When Martin Renkis was raising money for Smartvue, he had a very specific idea of who he wanted as an investor.

He needed outside capital because Smartvue had a hardware component, unlike his former venture, Trainersoft Corp., a cloud SaaS and software authoring platform for commercial e-learning,

“Building cameras and building recording devices and designing circuit boards and having them manufactured, all of this is really a very costly endeavor,” Renkis says. “So as I went to market, I had to raise more capital because they were more expensive.”

But Renkis was looking for more than just financial backing. He wanted investors who saw more than just short-term returns. He wanted people who got the big-picture vision.

“This isn't a three-year thing or two year thing or a one year thing,” Renkis says. “And as soon as I sit in investor meeting and someone's just deep-diving into the numbers and looking at exactly when their return is — I respect that, I admire them, I totally understand it — but that's not the investor I was looking for. I was looking for more somebody who's come along for the ride and we're going to try to build something really big.”

Smart Business Dealmakers spoke with Renkis about raising capital for Smartvue and how long-term thinking ultimately landed put him in the best position to succeed — culminating in a sale to Johnson Controls in 2018.

Martin Renkis is one of more than 40 host committee members who has helped shape the upcoming Smart Business Dealmakers Conference on Feb. 27 at the Westin Nashville. Use code DEAL100 to save $100 off tickets.

Super angels

Because he wanted investors who understood his vision, Renkis ended up with mostly super angels — the founder of Scott Trade, Roger Riney and former Chairman and CEO of AT&T David Dorman, to name two — who we well-positioned both financially and in their thinking to support the venture.

“What I was looking for were people who could see the vision, not the, ‘Hey, what's in this in two years or three years, but people that can understand the vision — that surveillance will be connected to the internet and people will be remotely monitoring homes and businesses someday, and that this is what we're building,” Renkis says. “And that's a big picture. That's not a, I’m building this little device. I think I can sell 10,000 of them. I can make $100 profit on each one. And that wasn't the conversation. The conversation was, this is what I'm trying to build and those people like Roger got that, people like David Dorman got it.”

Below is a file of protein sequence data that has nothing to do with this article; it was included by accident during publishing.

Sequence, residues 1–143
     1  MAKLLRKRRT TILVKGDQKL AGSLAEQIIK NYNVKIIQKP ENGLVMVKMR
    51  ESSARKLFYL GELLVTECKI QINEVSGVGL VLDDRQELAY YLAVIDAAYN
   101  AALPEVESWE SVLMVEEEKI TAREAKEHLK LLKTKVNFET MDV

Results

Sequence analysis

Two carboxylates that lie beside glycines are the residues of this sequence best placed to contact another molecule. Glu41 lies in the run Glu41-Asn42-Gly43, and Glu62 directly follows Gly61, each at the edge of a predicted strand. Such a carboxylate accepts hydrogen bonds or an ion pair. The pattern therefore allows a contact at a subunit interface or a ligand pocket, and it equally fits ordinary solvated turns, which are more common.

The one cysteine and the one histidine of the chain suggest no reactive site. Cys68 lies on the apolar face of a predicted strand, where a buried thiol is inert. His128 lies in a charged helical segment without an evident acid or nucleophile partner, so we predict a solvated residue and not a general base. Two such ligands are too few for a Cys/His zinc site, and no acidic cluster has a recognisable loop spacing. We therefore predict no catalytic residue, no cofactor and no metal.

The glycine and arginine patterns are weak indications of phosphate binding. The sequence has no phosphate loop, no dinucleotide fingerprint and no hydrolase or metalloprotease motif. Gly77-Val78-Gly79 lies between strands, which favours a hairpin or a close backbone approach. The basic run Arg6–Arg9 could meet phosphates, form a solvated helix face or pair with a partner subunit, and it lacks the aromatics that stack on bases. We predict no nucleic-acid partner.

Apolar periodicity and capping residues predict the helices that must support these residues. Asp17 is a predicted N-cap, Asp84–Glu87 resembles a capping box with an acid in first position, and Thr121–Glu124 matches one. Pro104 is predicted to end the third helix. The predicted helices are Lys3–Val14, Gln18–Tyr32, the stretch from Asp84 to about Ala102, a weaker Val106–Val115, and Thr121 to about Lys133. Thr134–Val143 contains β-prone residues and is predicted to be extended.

Renkis had never raised capital before and he says it wasn’t something anyone taught him. He talked with friends and colleagues and people he knew through professional organizations, but otherwise raising capital was something he just jumped into. Saying “jumped into,” however, doesn’t mean he leapt without a plan.

Capital call

“I'd like to think that it was very well thought out, meaning when I went to raise capital from all of these people, I really mapped out that, here's the vision, here’s the future and this is where it's going. This is why people are buying this. I did have numbers behind it. And I said, ‘Look, here's where I'm spending the money. Here's what the revenues will be. Here’s how we go to market. Here’s where the channels are.’ So I did build a pretty intricate business model and plan, but it all centered around, ‘Do you understand what we're trying to do at a very high level?’”

That vision and future-oriented plan was well-supported by the super angels Renkis found to support his venture. They were investors, he says, that aligned with his vision and had the patience, as well as the capital to be patient and stay the course as the company hit the inevitable bumps in the road.

“Those were the investors I was attracted to because I was building something  that was really big and those were the investors that were interested in me because these guys are not going invest $25,000 and hopefully try to five-X their money in three years,” Renkis says. “They're investing a quarter million or a half a million or a hundred thousand and looking for 10x, 20x on their money. And if it takes five to 10 years they’re like, ‘OK, so be it.’”

The sale of his company to Johnson Controls in 2018 was because the capital need was so great that finding the right strategic to acquire Smartvue, rather than more VC or PE money, was the right move in Renkis’ mind — a move that would set his company and his team up for a strong future.

“When I plan for a company, I don't think in a short time — three year, five year — I don't. I’m a 10-year thinker. That’s just how I am,” Renkis, who is now general manager, Cloud Solutions Global Security Products, at Johnson Controls, says. “And when you think 10 years out, it helps an entrepreneur focus on things like the ‘why.’ Why are you doing this? What's really behind everything? Nietzsche used to say a man with a ‘why’ can live through any ‘how.’”